Unsurprisingly, this also tends to make them the type of digital creation that causes the most concern to those interested in digital preservation. So when the Federal Web Archiving Working Group reached out about how the Recommended Formats Statement might be of use in furthering the preservation of websites, this filled a notable gap in the Statement.

Naturally, the new section of the Statement on websites is not being launched into a vacuum. The prevalence of websites and much of their development is predicated on the enhancement of the user experience, either in creating them or in using them, which is not the same as encouraging their preservation. It is made very clear that the Statement’s section on websites is focused specifically on the actions and characteristics that will encourage its archivability and thereby its preservation and long-term use.

Nor does the Statement ignore the work that has been done already by other groups and other institutions to inform content creators of best practices for preservation-friendly websites, but instead builds upon them and links to them from the Statement itself. The intention of this section on websites is twofold. One is to provide a clear and simple reminder of the importance of considering the archivability of a website when creating it, not merely the ease of creating it and the ease of using it. The other is to bring together those simple actions along with links to other guidance in order to provide website creators with easy steps that they can take to ensure the works in which they are investing their time and energy can be archived and thereby continue to entertain, educate and inform well into the future.

As always, the completion of the latest version of the Recommended Formats Statement means the beginning of a new cycle, in which we shall work to make it as useful as possible. Having the community of stakeholders involved with digital works share a common commitment to the preservation and long-term access of those works will help ensure we succeed in saving these works for future generations.

So, use and share this version of the Statement and please provide any and all comments and feedback on how the 2016-2017 Recommended Formats Statement might be improved, expanded or used. This is for anyone who can find value in it; and if you think you can, we’d love to help you do so.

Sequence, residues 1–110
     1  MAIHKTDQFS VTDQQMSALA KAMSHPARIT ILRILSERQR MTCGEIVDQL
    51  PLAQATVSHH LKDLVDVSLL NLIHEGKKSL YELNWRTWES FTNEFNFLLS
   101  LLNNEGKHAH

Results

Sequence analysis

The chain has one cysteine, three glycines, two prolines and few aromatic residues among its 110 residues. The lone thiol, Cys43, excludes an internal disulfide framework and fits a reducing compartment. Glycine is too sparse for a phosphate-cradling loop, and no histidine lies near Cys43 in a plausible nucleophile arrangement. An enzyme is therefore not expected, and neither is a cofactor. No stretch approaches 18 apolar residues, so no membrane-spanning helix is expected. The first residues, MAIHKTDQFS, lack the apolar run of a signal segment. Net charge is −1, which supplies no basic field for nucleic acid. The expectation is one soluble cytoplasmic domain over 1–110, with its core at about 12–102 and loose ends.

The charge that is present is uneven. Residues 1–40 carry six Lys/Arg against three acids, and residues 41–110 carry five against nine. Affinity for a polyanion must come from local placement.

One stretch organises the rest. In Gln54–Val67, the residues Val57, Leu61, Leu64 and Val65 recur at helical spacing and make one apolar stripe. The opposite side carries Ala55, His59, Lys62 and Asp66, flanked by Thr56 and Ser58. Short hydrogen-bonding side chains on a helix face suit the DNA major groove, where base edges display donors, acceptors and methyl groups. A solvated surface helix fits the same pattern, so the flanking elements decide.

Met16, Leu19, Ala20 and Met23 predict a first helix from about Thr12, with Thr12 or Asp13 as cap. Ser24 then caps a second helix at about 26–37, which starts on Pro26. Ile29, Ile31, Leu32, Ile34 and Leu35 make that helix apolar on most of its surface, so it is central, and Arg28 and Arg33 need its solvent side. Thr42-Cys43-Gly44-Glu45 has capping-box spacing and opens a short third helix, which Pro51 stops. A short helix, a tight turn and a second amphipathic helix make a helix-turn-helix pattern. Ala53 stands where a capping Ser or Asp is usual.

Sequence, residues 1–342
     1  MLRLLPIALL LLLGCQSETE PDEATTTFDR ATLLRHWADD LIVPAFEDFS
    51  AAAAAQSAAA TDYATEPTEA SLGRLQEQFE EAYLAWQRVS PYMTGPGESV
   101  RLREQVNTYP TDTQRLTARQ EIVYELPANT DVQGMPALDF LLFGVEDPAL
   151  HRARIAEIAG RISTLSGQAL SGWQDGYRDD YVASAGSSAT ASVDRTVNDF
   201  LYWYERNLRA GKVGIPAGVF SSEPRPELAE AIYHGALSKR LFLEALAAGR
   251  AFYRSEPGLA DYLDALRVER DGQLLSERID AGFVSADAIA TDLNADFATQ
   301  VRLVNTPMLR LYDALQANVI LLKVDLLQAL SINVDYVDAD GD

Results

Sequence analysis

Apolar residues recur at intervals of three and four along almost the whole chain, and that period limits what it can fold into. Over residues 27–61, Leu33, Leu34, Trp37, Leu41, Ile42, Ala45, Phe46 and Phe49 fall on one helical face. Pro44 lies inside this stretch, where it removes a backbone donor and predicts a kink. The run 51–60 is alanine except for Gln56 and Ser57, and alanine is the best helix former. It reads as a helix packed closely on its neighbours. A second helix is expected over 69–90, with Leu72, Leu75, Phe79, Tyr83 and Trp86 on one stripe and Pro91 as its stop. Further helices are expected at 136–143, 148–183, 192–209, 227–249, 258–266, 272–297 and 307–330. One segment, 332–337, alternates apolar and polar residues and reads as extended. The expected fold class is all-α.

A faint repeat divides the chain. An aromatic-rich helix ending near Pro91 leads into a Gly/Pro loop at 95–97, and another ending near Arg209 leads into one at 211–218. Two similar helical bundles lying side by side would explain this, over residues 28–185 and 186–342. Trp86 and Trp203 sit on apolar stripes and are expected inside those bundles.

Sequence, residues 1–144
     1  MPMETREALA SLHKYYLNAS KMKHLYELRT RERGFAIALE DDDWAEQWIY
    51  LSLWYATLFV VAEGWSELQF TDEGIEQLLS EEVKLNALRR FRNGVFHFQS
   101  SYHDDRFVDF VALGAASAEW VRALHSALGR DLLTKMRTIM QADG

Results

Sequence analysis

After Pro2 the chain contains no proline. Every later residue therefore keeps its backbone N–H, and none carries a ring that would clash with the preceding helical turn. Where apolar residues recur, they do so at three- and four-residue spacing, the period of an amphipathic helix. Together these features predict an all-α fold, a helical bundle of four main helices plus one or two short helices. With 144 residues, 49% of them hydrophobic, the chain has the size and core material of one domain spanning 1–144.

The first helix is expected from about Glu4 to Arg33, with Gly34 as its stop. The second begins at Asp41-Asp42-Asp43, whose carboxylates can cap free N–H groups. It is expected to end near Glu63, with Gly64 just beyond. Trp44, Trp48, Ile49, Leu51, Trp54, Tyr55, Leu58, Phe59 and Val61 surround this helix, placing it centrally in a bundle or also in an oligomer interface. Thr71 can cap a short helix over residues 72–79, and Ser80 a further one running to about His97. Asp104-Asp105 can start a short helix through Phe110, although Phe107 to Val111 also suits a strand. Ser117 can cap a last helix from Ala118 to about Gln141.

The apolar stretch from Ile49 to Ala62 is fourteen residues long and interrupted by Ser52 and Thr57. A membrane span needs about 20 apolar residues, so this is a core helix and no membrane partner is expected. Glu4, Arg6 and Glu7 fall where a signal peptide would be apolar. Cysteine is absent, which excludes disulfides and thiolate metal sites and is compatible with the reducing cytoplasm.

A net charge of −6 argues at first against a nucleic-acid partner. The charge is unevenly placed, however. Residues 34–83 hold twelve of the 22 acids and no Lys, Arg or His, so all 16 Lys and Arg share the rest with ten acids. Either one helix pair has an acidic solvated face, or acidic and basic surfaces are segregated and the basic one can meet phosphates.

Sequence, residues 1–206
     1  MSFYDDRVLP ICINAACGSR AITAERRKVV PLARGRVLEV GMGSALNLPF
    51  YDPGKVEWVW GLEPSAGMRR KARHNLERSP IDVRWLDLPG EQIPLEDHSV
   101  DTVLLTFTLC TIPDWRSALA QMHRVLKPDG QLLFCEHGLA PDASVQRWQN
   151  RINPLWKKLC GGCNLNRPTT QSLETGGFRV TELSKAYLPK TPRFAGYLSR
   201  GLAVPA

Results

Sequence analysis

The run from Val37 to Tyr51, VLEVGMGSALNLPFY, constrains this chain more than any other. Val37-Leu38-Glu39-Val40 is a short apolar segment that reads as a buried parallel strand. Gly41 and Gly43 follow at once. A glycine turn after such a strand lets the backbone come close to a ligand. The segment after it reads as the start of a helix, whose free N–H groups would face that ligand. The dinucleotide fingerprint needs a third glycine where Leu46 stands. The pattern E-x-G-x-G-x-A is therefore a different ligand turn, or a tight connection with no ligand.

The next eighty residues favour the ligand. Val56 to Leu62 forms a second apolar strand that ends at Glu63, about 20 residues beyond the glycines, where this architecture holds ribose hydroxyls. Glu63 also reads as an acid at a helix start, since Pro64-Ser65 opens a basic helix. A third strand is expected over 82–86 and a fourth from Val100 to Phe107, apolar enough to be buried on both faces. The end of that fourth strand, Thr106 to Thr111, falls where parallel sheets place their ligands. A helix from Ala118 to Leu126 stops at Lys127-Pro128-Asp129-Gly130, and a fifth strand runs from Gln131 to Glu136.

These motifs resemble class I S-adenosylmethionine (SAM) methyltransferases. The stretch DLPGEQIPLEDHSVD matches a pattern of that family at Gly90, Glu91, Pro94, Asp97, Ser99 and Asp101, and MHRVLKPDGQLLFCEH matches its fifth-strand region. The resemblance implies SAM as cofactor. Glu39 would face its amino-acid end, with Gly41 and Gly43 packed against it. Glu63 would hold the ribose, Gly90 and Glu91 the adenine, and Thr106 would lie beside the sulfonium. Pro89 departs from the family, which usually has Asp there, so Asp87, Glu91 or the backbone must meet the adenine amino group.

Co-Hosting a Datathon at the Library of Congress

On June 14 and 15, the Library of Congress hosted Archives Unleashed 2.0, a web archive “datathon” (otherwise known as a “hackathon,” but apparently any term with the word “hack” in it might sound a bit menacing) in which teams of researchers used a variety of analytical tools to query web-archive data sets in the hopes of discovering some intriguing insights before their 48-hour deadline […]

FADGI MXF Video Specification Moves Up an Industry-organization Approval Ladder

The following is a guest post by Carl Fleischhauer, who organized the FADGI Audio-Visual Working Group in 2007. Fleischhauer recently retired from the Library of Congress. The Federal Agencies Digitization Guidelines Initiative Audio-Visual Working Group is pleased to announce a milestone in the development of the AS-07 MXF video-preservation format specification. AS-07 has taken shape […]

DPOE Program Harnesses the Spirit of Kentucky Librarians

This is a guest post by Barrie Howard. The Library of Congress’s Digital Preservation Outreach and Education program delivered a train-the-trainer workshop on June 10, providing professional development in digital preservation to library professionals from Kentucky and West Virginia. The workshop was held at Northern Kentucky University and sponsored by the State Assisted Academic Library […]

Library of Congress Advisory Team Kicks off New Digitization Effort at Eckerd College

This is a guest post by Eckerd College faculty David Gliem, associate professor of Art History, and Nancy Schuler, librarian and assistant professor of Electronic Resources, Collection Development and Instructional Services. On June 3rd, a meeting at Eckerd College in St. Petersburg, Florida, brought key experts and College departments together to begin plans for the […]

The Radcliffe Workshop on Technology & Archival Processing

This is a guest post from Julia Kim, archivist in the American Folklife Center at the Library of Congress. The annual meeting of the Radcliffe Technology Workshop (April 4th – April 5th, #radtech16) brought together historians, (digital) humanists and archivists for an intensive discussion of the “digital turn” and its effect on our work. The […]

O Email! My Email! Our Fearful Trip is Just Beginning: Further Collaborations with Archiving Email

Apologies to Walt Whitman for co-opting the first line of his famous poem O Captain! My Captain!  but solutions for archiving email are not yet anchor’d safe and sound. Thanks to the collaborative and cooperative community working in this space, however, we’re making headway on the journey. Email archiving as a distinct research area has […]